Pace lobbies Jets to make him top choice Buckeye would be 1st OT to be No. 1 in 3 decades

February 09, 1997|By NEWSDAY

INDIANAPOLIS -- The New York Jets' immediate future won't be sorted out until Bill Parcells' and Peyton Manning's are, but at least there remains one constant in this confusing off-season: Ohio State offensive tackle Orlando Pace wants to be the No. 1 overall pick in the 1997 draft, thinks he should be the No. 1 pick and would like the Jets to make him the No. 1 pick.

"When was the last time an offensive lineman was the first pick in the draft?" Pace asked during his whirlwind 24-hour stay for the annual scouting combine. (It was Ron Yary of the Minnesota Vikings, three decades ago.) "I want to be history-making. That was one of my goals last year by staying in school, to be the No. 1 pick."

Asked if he is the best player in the country, Pace said, "I think I am. I'm not going to say somebody else."

Last week, Pace told Newsday it would be "a dream situation" to be picked by the Jets and play for Bill Parcells, thus joining Keyshawn Johnson as the second consecutive projected top pick to lobby for a job with the NFL's worst team.

Pace's agent, Carl Poston, said if Parcells intends to return to his ground control, hard-hitting football roots, Pace is his man. "I'm sure Parcells will want to see some pancake [blocks] in New York," Poston said. "That's what Orlando does, he moves people out of the way. So if Parcells is going to be running New York, if Parcells is going to be selecting, I'm sure both parties will be happy, because that is what [Pace] does." Poston said the uncertainty about who will be running the Jets has made it difficult for agents.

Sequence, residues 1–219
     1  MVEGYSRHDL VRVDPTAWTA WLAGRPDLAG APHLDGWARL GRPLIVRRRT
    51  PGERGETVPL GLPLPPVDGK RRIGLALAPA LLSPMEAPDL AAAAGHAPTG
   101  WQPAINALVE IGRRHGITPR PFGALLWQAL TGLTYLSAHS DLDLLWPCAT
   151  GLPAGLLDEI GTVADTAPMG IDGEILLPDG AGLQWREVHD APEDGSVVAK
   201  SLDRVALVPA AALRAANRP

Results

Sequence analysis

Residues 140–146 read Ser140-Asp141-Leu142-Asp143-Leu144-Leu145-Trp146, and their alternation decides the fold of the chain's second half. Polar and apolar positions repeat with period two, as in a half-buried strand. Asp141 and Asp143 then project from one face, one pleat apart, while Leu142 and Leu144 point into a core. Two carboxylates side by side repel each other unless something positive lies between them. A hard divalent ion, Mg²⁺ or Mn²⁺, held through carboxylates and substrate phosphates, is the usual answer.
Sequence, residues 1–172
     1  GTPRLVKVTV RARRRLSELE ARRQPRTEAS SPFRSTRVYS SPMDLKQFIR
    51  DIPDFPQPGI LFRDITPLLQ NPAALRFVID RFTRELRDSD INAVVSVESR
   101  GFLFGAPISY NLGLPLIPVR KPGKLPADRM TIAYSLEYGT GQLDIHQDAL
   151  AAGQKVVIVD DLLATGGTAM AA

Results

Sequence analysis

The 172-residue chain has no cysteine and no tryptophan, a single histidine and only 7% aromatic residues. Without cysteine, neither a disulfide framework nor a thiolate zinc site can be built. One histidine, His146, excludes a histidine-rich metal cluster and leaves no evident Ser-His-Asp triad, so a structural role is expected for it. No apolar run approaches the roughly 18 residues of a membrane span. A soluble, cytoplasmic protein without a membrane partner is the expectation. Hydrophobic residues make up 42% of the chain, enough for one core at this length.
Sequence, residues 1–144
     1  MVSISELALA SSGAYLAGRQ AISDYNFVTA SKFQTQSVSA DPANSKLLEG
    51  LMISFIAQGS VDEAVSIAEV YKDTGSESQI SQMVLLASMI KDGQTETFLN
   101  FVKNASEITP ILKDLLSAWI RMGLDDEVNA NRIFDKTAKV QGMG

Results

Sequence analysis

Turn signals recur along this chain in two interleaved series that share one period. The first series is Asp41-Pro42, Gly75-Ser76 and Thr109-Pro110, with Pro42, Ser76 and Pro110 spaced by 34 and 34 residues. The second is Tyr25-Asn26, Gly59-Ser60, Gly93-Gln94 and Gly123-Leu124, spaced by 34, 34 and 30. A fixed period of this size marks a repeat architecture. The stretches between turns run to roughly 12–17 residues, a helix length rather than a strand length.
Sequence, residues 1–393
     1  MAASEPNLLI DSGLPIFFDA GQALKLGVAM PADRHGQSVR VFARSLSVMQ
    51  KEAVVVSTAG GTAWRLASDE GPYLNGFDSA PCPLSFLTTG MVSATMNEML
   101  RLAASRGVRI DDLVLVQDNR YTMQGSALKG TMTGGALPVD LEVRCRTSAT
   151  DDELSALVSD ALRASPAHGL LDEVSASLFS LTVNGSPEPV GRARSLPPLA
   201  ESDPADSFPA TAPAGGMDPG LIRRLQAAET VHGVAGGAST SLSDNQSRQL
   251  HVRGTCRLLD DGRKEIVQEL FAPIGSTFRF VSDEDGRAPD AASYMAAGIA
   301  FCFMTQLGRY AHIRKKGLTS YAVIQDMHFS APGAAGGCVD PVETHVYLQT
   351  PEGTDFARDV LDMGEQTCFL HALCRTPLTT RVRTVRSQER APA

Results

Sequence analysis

PTC Next on Pace's schedule is a promotional appearance at a pancake festival in Minnesota this week. "Pancake blocks" is a reference to the times the 6-foot-6, 330-pounder knocks defenders off their feet and on their backs -- 74 in 12 games this past season. Ohio State used the statistic to quantify Pace's dominance and attract the attention of Heisman Trophy voters, but Pace grew tired of the phrase -- until he realized there was money to be made off it.

"I was discouraged with the whole pancake deal, but now it's endorsements and I love it, and I can deal with it," he said. "Everyone was like, 'There's the pancake man,' but it's OK now, because I'm going to get paid for it." Does he still eat pancakes? "Everywhere I go for breakfast, they say, 'Pancakes,' I say, 'No, French toast.' "

The affable Pace likely would be a good fit in New York. He even has scheduled an appearance on David Letterman's TV show. Playing up to his advance billing is the least of his worries. He allowed no sacks in his final two college seasons, and has no doubt he will be an NFL success.

"I'm excited; I'm ready for the challenge," he said. What if Manning makes himself eligible for the draft, thus threatening Pace's No. 1 status? "I'll be hurt [if I'm the second pick], but I have no control over that, because the team's going to select who they really need, not necessarily the best player. I'm not going to downplay Peyton, but if they need an offensive lineman, I'm the best one out there they can snag."

Pub Date: 2/09/97

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